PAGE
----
Tuesday, 25 August 2009

CO2 Emissions- theTop Fifteen Countries

CO2 emissions, and emissions growth rates are both important

In 2008 the fifteen top CO2 emitting countries together accounted for around three quarters of global CO2 emissions. These countries merit special attention during the COP15 climate change negotiations as their cooperation is important to achieving a successful outcome.

The trends in CO2 emissions between 1990 and 2008 for the fifteen major emitting countries are shown in Figure7.1 using data compiled by the Netherlands Environmental Assessment Agency.

Figure 7.1 CO2 EmissionsTrends 1990-2008 - Top 15 countries (click image to enlarge)

These data illustrate the massive contributions to global CO2 emissions made by the USA and China, and that since the beginning of the new millennium, China has raced ahead of the USA to become the world's largest CO2 emitter.

The group of countries with the next highest levels of emissions (~0.5 -1.7 thousand million tonnes CO2 per year) is now a mixture of developed and developing countries a distinction which, in relation to GHG emissions, is becoming outmoded since CO2 emissions from developing countries now exceed those of developed countries.

In terms of climate change impact both the absolute values of CO2 emissions and emissions growth rates merit consideration.

In relation to the amount of CO2 emitted, a small percentage reduction from a 'large emitter' represents many millions of tonnes of CO2 per year which are not added to the environmental burden.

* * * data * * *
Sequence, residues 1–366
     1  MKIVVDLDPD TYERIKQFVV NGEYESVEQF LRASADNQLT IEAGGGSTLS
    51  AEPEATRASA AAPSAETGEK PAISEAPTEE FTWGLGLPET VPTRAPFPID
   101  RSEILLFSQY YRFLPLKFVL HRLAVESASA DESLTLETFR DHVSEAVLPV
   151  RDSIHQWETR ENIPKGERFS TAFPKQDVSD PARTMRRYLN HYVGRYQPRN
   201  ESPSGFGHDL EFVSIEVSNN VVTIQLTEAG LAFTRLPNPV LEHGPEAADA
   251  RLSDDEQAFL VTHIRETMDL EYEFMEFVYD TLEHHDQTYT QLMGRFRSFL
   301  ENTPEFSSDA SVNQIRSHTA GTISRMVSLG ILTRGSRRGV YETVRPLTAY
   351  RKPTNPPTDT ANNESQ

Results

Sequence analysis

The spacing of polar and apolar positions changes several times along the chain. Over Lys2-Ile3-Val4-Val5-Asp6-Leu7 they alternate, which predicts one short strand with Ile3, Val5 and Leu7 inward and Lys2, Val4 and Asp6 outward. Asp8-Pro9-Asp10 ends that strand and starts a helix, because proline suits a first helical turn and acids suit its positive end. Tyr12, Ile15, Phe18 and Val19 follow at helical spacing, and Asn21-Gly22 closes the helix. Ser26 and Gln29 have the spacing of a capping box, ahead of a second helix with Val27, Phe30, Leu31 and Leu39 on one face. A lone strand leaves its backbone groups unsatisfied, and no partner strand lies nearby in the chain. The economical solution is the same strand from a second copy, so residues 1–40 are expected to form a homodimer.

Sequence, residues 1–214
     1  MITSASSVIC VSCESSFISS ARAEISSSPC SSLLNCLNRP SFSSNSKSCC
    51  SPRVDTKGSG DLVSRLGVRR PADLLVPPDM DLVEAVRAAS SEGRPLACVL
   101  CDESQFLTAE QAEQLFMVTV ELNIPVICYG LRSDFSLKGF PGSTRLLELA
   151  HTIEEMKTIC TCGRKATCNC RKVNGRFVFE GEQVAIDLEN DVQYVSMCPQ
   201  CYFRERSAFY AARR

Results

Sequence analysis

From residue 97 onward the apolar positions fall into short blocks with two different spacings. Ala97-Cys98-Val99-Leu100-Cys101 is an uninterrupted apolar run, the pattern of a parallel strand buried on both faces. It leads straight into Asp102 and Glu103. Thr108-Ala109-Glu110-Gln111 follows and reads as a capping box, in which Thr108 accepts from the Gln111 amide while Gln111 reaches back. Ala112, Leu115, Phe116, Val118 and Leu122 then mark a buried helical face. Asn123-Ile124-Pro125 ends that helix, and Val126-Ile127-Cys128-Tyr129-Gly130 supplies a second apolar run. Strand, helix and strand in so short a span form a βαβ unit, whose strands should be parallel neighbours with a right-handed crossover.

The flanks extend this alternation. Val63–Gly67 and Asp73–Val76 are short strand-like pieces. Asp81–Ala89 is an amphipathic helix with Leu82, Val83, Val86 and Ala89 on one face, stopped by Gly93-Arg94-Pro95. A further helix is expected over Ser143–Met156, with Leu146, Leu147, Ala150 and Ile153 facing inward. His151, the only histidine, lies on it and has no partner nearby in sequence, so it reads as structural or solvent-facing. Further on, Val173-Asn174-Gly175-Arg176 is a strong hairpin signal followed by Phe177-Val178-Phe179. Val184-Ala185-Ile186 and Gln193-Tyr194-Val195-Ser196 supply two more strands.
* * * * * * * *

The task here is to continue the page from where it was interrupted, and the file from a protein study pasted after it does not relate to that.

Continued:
The same percentage reduction from a country with moderate to low emissions represents a much smaller quantity of 'CO2 not emitted'. Nevertheless, when summed over many countries, these smaller reductions are also valuable.

However for climate change negotiators, focusing their efforts on persuading countries with large CO2 emissions to reduce them would have more impact as a strategy to achieve mitigation of global warming then distributing their efforts more widely.

In Figure7.1 the steep rise in CO2 emissions from China and also India are evident, and although emissions are high the USA, they do not show comparable growth rates. Despite the inadequacies of the Kyoto agreement, the emissions trends of most developed countries in the top fifteen are not increasing as steeply as those of developing countries.

Figure7.2 CO2 Emissions 1990 and 2008 - Top Five Countries

The rate of growth of CO2 emissions in China and India is staggering, the former more than doubling between 1990 and 2008 and the latter increasing by ~140% (Figure 2). In climate change negotiations, persuading countries with the highest rate of CO2 emissions growth to moderate such growth is vital.

Continuing business as usual in countries with both high and growing CO2 emissions could overwhelm collective emissions reductions made by even those countries with moderate emissions.

Focus on the fifteen

Trying to broker a universal agreement in which all countries preferences are taken into account is the ideal, but it is a complex and time consuming process. Reaching an agreement to mitigate CO2 emissions is urgent so one which can satisfy all countries may not be possible in the timescale needed.

It may be that climate change negotiators would have more immediate impact by focusing on the Top Fifteen emitters of CO2. By persuading those countries with large CO2 emissions to agree to reduce them, and those with the highest CO2 emissions growth to moderate their emissions growth, a solution might be found.

* Footnote
Data are taken from a collation by the Netherlands Environmental Assessment Agency (PBL). In this post only CO2, not other GHG and LULUCF, is considered .The PBL data includes CO2 from cement manufacture.

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